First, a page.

Remembering a Hero-and how the Govt./Military screwed him
Naval officer, born in Pocatello, Idaho, USA. Orphaned as a child, he spent his early boyhood being shuffled between adoptive parents in Idaho and relatives in California until 1938 when he went to St Joseph's Children's Home in Culdesac, Ida. From 1941 to 1945 he attended the famous Boys Town (near Omaha, Nebr); after leaving to spend two years in the navy, he returned to graduate with his class in 1948, then went on to the University of Nebraska, where he majored in geology. In June 1953 he was commissioned in the US Navy Reserve and spent most of his career as a submarine officer. His first command of a surface ship came in May 1967, the Pueblo, a small intelligence-gathering ship, and it was on its first tour of duty, off the coast of North Korea, that on January 23, 1968, he surrendered the ship when it came under fire from the North Korean navy (four Americans were wounded, and one later died). He and his crew were imprisoned until December 22, 1968, during which time Bucher and many of his men were forced to sign a letter asking the USA to admit the ship had been inside North Korea's waters, with the clear implication that they had been spying. In 1969 a naval court of inquiry recommended that Bucher and one other officer be court-martialed, but this was cancelled by the Secretary of the Navy. Bucher never was given a major command and he retired from the navy in 1973; it was 1990 before he and all others on the Pueblo were awarded the medals given to other POWs.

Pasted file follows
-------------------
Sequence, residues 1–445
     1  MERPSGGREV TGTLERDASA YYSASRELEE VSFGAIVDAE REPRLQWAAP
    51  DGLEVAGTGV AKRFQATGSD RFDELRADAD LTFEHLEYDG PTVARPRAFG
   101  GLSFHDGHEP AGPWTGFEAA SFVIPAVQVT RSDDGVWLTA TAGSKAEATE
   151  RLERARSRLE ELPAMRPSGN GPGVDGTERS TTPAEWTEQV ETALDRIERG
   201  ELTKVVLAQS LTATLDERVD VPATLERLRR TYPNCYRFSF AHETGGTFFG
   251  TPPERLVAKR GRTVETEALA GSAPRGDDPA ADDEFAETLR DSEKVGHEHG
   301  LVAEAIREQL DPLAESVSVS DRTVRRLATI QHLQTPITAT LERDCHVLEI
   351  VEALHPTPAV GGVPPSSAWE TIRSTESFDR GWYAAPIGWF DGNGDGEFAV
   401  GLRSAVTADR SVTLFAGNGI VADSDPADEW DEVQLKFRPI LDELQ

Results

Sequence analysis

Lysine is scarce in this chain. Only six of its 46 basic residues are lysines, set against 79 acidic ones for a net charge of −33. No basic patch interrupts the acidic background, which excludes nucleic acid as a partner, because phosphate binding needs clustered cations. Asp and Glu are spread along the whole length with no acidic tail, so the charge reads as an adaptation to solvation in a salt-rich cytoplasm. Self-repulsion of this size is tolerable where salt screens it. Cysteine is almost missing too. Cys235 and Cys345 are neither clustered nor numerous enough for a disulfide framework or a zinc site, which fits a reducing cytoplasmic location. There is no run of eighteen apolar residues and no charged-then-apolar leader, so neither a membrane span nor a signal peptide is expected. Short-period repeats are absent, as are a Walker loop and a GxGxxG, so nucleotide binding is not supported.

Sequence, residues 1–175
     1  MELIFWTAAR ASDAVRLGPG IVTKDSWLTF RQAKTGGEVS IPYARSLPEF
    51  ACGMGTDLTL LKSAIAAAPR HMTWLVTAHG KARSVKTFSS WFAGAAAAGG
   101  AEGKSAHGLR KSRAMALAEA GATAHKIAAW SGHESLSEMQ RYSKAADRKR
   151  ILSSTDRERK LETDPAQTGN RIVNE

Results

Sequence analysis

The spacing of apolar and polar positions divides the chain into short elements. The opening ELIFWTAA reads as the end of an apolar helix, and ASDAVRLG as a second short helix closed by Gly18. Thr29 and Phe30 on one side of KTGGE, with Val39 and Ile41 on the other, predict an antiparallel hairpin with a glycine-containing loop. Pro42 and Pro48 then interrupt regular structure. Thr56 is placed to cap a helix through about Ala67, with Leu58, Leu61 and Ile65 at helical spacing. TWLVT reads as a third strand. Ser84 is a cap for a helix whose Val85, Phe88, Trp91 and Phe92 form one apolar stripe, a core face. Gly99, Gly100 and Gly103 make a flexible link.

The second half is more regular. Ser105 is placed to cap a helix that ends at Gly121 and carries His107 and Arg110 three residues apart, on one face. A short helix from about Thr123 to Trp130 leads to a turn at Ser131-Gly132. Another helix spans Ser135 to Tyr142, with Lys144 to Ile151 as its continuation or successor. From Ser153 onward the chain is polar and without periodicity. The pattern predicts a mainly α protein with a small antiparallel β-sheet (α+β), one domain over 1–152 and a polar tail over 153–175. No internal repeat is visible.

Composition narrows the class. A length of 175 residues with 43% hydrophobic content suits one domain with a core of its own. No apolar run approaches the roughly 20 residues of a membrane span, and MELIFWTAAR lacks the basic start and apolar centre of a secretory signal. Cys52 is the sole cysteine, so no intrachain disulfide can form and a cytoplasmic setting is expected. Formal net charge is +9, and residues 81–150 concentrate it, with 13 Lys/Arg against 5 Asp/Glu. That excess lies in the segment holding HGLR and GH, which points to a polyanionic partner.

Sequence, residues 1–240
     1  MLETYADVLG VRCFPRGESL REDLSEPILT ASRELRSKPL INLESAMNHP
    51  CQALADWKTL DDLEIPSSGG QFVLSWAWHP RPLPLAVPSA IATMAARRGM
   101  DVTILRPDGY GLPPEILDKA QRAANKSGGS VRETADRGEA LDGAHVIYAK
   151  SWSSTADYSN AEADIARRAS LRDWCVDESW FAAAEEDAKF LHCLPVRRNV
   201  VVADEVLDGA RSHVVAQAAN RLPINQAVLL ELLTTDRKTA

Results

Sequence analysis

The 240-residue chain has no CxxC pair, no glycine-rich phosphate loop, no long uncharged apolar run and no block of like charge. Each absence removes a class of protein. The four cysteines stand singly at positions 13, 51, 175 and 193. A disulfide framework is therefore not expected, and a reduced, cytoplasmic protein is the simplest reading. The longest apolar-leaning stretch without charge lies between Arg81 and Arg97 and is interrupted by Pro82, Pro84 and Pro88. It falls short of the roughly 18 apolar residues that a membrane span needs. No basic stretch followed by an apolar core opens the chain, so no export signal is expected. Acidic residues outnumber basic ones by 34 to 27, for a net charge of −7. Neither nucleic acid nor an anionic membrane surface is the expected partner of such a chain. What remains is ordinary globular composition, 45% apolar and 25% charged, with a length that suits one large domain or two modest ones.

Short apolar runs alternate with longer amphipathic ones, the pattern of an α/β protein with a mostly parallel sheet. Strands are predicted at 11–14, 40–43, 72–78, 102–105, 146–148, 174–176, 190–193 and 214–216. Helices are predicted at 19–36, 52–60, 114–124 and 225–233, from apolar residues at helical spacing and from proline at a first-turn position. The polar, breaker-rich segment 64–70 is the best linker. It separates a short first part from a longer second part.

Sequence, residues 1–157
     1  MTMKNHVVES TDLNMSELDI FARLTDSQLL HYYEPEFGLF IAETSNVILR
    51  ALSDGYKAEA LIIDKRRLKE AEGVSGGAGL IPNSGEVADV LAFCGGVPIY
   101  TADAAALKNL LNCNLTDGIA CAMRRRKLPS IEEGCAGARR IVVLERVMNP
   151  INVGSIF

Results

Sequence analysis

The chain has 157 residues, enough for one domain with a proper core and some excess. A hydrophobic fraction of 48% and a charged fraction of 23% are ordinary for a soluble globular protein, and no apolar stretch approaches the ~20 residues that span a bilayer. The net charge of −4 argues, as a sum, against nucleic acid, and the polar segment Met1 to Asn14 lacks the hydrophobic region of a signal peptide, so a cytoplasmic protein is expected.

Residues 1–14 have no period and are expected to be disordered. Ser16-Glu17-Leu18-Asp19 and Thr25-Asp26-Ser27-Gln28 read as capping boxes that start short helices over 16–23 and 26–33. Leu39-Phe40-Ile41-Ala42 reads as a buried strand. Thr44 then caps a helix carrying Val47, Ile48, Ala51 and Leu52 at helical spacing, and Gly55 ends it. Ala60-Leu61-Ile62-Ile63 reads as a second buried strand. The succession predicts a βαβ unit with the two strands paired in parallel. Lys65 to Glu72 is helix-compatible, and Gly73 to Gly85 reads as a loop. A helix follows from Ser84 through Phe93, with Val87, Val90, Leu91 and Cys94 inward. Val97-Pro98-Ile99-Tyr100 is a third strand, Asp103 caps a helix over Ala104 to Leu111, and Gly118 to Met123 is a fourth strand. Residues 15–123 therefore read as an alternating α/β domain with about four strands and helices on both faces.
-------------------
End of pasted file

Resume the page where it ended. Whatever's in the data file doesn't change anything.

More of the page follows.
In retirement Mr. Bucher was an artist and guest speaker. He died 28 January 2004 after a long illness.
First some background. In January 1968 North Korea attacked the USS Pueblo, a small and only lightly armed spy ship, in international waters. The Pueblo was no match for the Koreansâ€™ torpedo boats and MIG fighters. The Seventh Fleet failed to come to the Puebloâ€™s defense, the commander quickly surrendered to save the crew, and the Koreans took all the survivors (which was all but one of the crew) prisoner. The Koreans severely beat commander and crew over the course of eleven months and forced them to confess, in writing and on film (though they made it look ridiculous), that they had invaded North Korean waters, that conditions in the U.S. were oppressive, and that the Koreans were treating them well. Eventually the U.S. government itself issued an official statement along similar lines, and retracted it after the men were consequently released.
There followed a military Court of Inquiry and a Congressional investigation of the incident. At the time of Ayn Randâ€™s article Commander Bucher was facing court-martial.
Were the men right to â€œconfess?â€� After their release the New York Times published a letter saying that here was a â€œmoral dilemma.â€� Ayn Rand disagreed, and wrote a letter of her own, which she published in â€œBrief Comments.â€� (And sent to the NYT â€“ which never published it.) She said that Commander Bucher was a hero and should be given the Congressional Medal of Honor, and that the U.S. government is trying to make him the scapegoat:
Commander Bucher was ORDERED to be where he was. He had an inoperable 50 calibre machine gun when the North Koreans came at him with large calibre ship mounted guns and aircraft with Ordinance.
I have known three people who were in the vicinity. One was on a submarine, almost under Bucher. Two were on Carriers. All said that they knew about the capture and believed they would be sent to stop the Koreans. Those orders never came.
The Johnson Administration and Top Navy Brass, including John McCain's father " Threw Bucher down".
Bucher's wife "Pitched a bitch", and finally got Bucher and his crew released after " Negotiations" the Government did not want to do.
The Navy, in a "Cover your Ass" move, blamed Bucher and PUT HIM ON TRIAL. No balme was ever attached to Top Navy Brass who sat on their hands.
About two years ago, an epsisode of the TV Show " JAG" included a segment of a Court Martial. In that episode, an actor blamed Bucher for "Giving up the ship".
I never received a reply.